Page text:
The Worship of Sports in America

Simply put, Americans take sports way too seriously.

How The Middle-Class Got Screwed (Video)

A most simplistic explanation of how the economic problems of the middle-class has become an actual threat to their well-being.

Why I'm Not A Democrat...Or A Republican!

There is a whole lot not to like about either of the 2 major political parties.

Whatever Happened To Saturday Morning Cartoons?

Whatever happened to the Saturday morning cartoons we grew up with? A brief look into how they have become a thing of the past.

ADHD, ODD, And Other Assorted Bull****!

A look into the questionable way we as a nation over-diagnose behavioral "afflictions."

Tuesday, July 28, 2009

Let's Talk About Race, Baby! Conclusion

Continued from Part 2 (http://beyond-the-political-spectrum.blogspot.com/search/label/Race)

As with most things concerning the issue of race in America, the incident between Henry Louis gates and the Cambridge, Massachusetts Police Department, everything was and is about individual and group perceptions. And perhaps no single issue with regarding race illustrates this more than the hot button topic of affirmative action.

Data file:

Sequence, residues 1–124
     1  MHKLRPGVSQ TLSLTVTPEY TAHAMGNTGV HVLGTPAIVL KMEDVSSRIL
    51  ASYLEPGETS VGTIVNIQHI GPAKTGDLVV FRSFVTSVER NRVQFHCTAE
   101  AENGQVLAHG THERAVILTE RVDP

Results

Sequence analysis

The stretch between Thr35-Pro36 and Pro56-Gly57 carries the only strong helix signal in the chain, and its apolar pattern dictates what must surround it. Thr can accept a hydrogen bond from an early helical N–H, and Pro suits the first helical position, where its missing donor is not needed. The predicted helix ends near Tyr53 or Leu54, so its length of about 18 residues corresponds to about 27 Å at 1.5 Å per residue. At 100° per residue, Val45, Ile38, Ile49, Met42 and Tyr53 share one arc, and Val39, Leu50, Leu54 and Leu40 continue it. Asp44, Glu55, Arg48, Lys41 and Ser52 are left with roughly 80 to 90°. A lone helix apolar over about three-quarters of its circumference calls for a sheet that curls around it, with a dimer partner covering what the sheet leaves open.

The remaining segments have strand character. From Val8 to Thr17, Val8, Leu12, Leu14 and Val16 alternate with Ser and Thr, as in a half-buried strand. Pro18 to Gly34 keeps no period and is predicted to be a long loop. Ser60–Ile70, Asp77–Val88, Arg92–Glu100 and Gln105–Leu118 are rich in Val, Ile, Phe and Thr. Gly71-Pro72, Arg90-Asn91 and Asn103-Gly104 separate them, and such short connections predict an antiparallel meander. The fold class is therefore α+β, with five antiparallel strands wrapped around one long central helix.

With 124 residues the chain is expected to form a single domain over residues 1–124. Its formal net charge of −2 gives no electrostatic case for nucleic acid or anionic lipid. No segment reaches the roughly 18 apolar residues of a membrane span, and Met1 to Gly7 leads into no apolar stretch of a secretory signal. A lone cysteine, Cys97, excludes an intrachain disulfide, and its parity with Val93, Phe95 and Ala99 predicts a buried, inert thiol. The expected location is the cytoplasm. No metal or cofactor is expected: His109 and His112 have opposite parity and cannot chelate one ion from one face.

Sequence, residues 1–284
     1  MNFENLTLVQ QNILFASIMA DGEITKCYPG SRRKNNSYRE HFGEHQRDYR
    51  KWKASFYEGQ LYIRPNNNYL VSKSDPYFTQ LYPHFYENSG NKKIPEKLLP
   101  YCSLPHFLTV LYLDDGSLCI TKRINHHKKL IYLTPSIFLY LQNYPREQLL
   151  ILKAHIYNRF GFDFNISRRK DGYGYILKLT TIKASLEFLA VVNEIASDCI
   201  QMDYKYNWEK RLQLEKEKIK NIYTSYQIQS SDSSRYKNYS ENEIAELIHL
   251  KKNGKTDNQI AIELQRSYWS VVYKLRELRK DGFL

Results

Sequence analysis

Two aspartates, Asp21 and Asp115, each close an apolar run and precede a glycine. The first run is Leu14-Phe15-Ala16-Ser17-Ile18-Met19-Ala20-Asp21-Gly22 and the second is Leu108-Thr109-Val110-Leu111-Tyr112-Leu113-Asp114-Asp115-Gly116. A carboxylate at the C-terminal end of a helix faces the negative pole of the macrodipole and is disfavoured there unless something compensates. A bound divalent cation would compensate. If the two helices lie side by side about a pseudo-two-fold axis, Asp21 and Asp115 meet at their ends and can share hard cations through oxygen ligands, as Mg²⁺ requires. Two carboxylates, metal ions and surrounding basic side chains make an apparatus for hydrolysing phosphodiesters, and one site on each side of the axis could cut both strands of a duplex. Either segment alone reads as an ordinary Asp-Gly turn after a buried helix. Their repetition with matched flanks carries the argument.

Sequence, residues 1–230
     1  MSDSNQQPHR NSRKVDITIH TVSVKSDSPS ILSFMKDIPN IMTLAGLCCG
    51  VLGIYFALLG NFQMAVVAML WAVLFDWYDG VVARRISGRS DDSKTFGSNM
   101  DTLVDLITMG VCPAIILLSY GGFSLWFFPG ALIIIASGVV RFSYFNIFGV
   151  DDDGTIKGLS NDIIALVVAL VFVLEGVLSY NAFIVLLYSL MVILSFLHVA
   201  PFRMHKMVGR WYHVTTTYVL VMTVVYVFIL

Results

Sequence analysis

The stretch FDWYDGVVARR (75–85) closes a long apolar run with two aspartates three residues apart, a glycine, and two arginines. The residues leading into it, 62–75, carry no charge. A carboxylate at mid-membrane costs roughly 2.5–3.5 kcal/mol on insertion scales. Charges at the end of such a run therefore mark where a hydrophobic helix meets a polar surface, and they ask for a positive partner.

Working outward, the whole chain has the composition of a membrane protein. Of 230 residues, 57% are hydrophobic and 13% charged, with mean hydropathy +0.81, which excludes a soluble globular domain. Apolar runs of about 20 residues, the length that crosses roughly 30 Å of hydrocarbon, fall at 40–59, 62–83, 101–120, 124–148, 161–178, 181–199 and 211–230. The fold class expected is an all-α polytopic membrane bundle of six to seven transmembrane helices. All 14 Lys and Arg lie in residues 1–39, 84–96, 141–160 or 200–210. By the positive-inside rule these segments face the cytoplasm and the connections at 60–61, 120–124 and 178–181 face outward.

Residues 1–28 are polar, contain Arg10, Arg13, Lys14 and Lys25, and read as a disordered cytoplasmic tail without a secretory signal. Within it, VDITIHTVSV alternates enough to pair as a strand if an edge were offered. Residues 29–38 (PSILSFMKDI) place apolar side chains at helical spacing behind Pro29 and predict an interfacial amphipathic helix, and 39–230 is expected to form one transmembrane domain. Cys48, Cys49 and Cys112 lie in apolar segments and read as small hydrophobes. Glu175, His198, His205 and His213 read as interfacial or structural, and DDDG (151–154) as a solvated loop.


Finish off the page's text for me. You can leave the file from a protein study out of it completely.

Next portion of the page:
Depending on one’s personal views, the policy is either a remedy to redress the socioeconomic inequalities wrought by the historical practice of systemic, institutional, and social discrimination, or a means to further polarize race relations by way of reverse-discrimination. And why should one particular view trump another? Who’s to say which view is valid? Does choosing a side equate sanctimony?
To explore this notion of perspective, Beyond The Political Spectrum interviewed Ward Connerly, the former University of California Regent, and spearhead of a movement to do away with affirmative action as a federally-supported policy.
What makes Connerly’s view all the more controversial—at least to those who oppose him—is that fact that Connerly is an African-American, although he himself frown on racial and/or ethnic-based labels. With consideration to Connerly’s time and space, Beyond The Political Spectrum limited the online interview with Connerly to four questions in regards to his position and opposition to his position.



Former University of California and chairman of the American Civil Rights Institute (ACRI), Ward Connerly. The ACRI is a non-profit organization created to oppose race- and gender-based programs in government hiring and university admissions.








BTPS: Mr. Connerly, I and the rest of America have read or heard a lot about you, including praises from your supporters and aspersions by your critics. In your own words, can you tell Beyond The Spectrum what is your ultimate goal(s) as to Affirmative Action as a public policy, and what motivates you in your goals, both philosophically and personally.